Is This Really Me?

THEY wanted to know my name and birth date. They asked the color of my eyes, my weight and height; they gave me a medical exam; and of course they wanted to know where I lived and worked. I asked myself, Is this really me? I felt a kinship with all the other people who were filling out forms, having their fingerprints and photographs taken. In spite of the differences in our outward appearances, we all had one thing in common--we were men and women seeking permission to live and work in a country different from that of our origin. This experience made me think much more deeply about the subject of identity. Is our personal appearance--the flesh, blood, and brain that a chemist or doctor can analyze--really "us? Surely there is a much deeper measurement of man. The Bible tells us of man as created by God and says that man is God's image and likeness. Wouldn't this imply that man, reflecting God, who is Spirit, is not the material being he is so commonly taken to be? He would be as infinite as his Maker, divine Spirit. In real ity, then, God's man could not be confined, or defined by the material senses; he would be as unlimited and ageless as God, the great I AM. Christ Jesus lived on the basis of understanding his spiritual identity to be the Son of God. He acknowledged God as his Father and rejected the view that he was just one more mortal who began in the flesh. John's Gospel records his saying, "I proceeded forth and came from God; neither came I of myself, but he sent me. Jesus brought to light man's spiritual selfhood in God's likeness. He fully lived the Christ, the true idea of God. The Saviour's example helps us to discover the truth of our own bei ng as we live in obedience to God's will. When we look to God to find our spiritual identity, we become increasingly aware of our dependence on Him for the intelligence and wisdom we need to carry out our work. The more we identify ourselves in these spiritual terms and see ourselves as reflecting the one I AM, or Ego, the more we find that our capabilities are derived solely from an infinite source--from God Himself. Material personality, with its sensual pleasures and selfish egotism, begins to fade before the sheer reality of man's spiritua l identity, forever at one with God, the source of all good. Mary Baker Eddy, who discovered Christian Science, built the Church of Christ, Scientist, on the Master's foundation of Christ-healing. She writes in Science and Health with Key to the Scriptures, "The one Ego, the one Mind or Spirit called God, is infinite individuality, which supplies all form and comeliness and which reflects reality and divinity in individual spiritual man and things. It takes patience, courage, and persistence to lay aside the picture of ourselves as flesh and bones and replace it with the Christly view of man as God's perfect, spiritual reflection. But we help ourselves and our fellowman immeasurably when in our prayers we penetrate the facade that mortal thought presents of man as material and hold to the reality of man's true stature in God's likeness. It truly is possible to gain an inspired sense that lets in the light of Christ, Truth, and practical healing follows. I eventually got the needed permit, and I moved toward a clearer recognition that the children of God are truly citizens of the kingdom of God. People can never be fully understood by worldly criteria, such as country of origin, ancestry, or personal appearance. Man's true identity and worth can only be gauged by the infinite good that God expresses in him.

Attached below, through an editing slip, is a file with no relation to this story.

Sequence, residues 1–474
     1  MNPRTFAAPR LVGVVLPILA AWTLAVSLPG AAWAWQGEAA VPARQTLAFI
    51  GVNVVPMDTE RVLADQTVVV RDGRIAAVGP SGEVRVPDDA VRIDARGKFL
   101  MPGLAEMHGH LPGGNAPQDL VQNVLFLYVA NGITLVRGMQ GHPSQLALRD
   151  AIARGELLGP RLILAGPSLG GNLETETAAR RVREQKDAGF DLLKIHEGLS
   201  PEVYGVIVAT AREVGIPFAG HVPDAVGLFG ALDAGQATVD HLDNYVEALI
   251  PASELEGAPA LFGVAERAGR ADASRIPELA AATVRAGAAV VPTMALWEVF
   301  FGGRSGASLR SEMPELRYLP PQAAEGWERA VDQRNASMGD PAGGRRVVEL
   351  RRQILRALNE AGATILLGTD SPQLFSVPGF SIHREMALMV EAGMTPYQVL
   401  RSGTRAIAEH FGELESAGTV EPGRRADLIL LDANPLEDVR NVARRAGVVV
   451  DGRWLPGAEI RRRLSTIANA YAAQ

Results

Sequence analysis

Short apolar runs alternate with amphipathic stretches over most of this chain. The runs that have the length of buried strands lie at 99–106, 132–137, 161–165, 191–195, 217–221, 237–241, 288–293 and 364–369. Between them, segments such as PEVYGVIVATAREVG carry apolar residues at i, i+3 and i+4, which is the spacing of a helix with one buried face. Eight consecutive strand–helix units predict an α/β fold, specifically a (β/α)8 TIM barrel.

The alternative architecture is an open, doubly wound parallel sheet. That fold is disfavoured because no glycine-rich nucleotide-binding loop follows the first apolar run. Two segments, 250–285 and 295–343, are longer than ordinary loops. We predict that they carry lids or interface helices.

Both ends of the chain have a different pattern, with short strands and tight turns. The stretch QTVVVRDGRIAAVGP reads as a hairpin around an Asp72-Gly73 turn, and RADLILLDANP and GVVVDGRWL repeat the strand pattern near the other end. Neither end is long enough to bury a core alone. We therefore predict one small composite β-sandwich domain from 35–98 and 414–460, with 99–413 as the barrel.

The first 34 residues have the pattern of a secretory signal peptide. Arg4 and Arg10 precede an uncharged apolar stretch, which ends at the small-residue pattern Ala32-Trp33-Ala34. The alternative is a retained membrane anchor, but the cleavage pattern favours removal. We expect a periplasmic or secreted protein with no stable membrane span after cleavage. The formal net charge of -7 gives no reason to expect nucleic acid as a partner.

This is a condensed version of an editorial that appeared in the May 6 issue of the Christian Science Sentinel.

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